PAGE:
The Olympics are a time for reflection…

With things as tight as they are in the lower half of the Eastern Conference, the 2 week Olympic break could be a be a blessing or a burden. Which one it is will be decided later once the Flyers get back on the ice. Several players are off to Vancouver, battling for national pride and glory while the others are using their vacation for personal matters.

So, now that we have this lull in Flyers hockey, let’s take a look back at the first 60 games (not individually mind you) and see what we can derive from the season that was and eventually will be again. In other words…

What Have We Learned?

We’ve learned that Paul Holmgren can make moves that will help this hockey club.

  1. The John Stevens firing has put this team in a place they needed to be. That is under a coach that won’t take any half-stepping from anyone. He doesn’t want to be your buddy, he wants you to work. While the line shuffling may rub people the wrong way, Coach Laviolette is learning where he can put players to get the most out of them.
  2. At first, noone could understand the Michael Leighton signing. It took the top 2 goaltenders getting hurt to reveal this diamond in the rough and who can honestly say the Flyers wouldn’t be where they are right now if it wasn’t for him?
  3. Dan wrapped up the Ville Leino trade pretty well, so there’s no real need to revisit that one.

We’ve learned that we may have put the hopes of this season on the shoulders of the wrong man. The Ray Emery signing came with mixed reviews and while some were optimistic, most refused to believe that Emery could take the team to the next level. An abdominal injury and possibly torn labrum later, the pessimists could be right after all. While Ray did have a great season in the KHL last year, they have a system in place where a #1 can only play a certain percentage of games with no more than so many in a row. With the Flyers, his most recent run was 8 straight and another in the early season that ran into the teens. Expectations ran high. But when expectations run higher than physical limitations, bad things will happen (something I know far too well).

We’ve learned that the Flyers of this season are not the Sharks of last season. If they were, Brian Boucher wouldn’t even be close to the sickly 4-11-1 record he’s touting so far this year. If any of the rumors are true about the Flyers picking up another goaltender because of Emery’s injury woes, Boucher should be involved in that trade. He’s the low man on a 3 man pole and can’t handle the weight of Leighton’s unexpected success.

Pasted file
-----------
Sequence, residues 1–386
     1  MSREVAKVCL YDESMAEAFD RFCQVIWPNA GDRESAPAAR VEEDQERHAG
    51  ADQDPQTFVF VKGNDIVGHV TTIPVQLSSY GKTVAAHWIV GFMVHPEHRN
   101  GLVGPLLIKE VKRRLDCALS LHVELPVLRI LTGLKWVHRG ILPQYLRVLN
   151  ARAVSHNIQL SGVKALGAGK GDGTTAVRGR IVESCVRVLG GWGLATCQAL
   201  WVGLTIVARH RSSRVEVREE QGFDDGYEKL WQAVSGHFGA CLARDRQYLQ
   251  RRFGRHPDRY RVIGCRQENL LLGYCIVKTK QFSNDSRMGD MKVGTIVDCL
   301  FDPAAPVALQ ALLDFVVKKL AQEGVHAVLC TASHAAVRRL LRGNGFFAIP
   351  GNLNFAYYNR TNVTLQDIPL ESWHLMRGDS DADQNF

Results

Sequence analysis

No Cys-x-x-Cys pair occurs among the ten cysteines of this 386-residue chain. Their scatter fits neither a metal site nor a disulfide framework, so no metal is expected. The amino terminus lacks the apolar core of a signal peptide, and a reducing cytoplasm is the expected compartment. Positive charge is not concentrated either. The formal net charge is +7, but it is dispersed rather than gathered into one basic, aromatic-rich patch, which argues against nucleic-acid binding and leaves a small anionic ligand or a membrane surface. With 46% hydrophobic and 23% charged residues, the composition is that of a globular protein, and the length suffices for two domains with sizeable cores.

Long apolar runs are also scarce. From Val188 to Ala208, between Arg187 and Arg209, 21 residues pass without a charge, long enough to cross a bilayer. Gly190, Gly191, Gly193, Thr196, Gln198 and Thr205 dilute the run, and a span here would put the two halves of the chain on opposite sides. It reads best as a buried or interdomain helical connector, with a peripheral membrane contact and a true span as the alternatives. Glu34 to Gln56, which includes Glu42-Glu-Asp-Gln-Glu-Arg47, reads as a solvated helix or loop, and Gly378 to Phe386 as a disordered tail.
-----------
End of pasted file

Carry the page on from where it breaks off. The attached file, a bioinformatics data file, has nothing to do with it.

We’ve learned that it’s not how badly you lose or who you lose to, it’s what you do after those losses that defines you as a team. In 2010, the Flyers have not lost more than 2 games in a row and other than the 5 game slide from Nov/Dec have not gone more than 2 without at least getting a point. Coming off those, they average 3 wins and have had a 5 and three 4 game win steaks this season, including the one they rode into the break.

We’ve learned that Toronto hates us. Okay, maybe hate is a little strong to use in this instance. They just don’t like the Flyers very much. How’s that? If it was one instance, then it would be different. But the fact that, on two different occasions, goals being called off that were so obvious, it makes me wonder who trained the monkeys that are working the instant replay in Toronto.

We’ve learned that no matter what some players do, they will always be jeered because of their contracts or their past. Danny Briere is usually first on the hate list while a true underachiever like Scott Hartnell slides under the radar and into opposing goaltenders. Ray Emery is doomed to crucifiction with his 16-11-1 record as Brian Boucher cruises on by on Emery and Leighton’s coat tails because he’s “Boosh”. Philadelphia fans are called the most passionate sports fans on the planet. It’s just a shame they’re also the most fickle. When you’re scoring or winning fights, you’re a God. When you’re not, we look for the first bus to ship you out of town. It’s sad, but it’s true.

Finally, we’ve learned that it’s not just leadership that will lead a team to greatness. Heart, passion and the will to win trump all when it’s focused and honed into a winning attitude. Guys like Darroll Powe, Arron Asham, Dan Carcillo and Ian Laperierre who go out and give every last ounce of drive and energy every shift for a common goal will motivate everyone around him. It’s like a virus. It’s infectious, taking root in everyone around them. They may never score as many goals as Jeff Carter or get as many assists as Chris Pronger, but these “role players” as they’re called, play far beyond the role that was written for them.

Olympic ice hockey starts today for the men and even though I’m against NHL players participating in the Olympics, I’m going to watch and cheer for our boys playing for their respective countries. But twice as much for Team USA. I hope you will all be watching too.

Never forget, keep your head up, eye on the puck and you can never go wrong with high to the stick side. 😉


One response to “The Olympics are a time for reflection…

  1. John Russo February 16, 2010 at 11:17 AM

    If Leighton continues his success after the Olympic Break, then I will be comfortable with him

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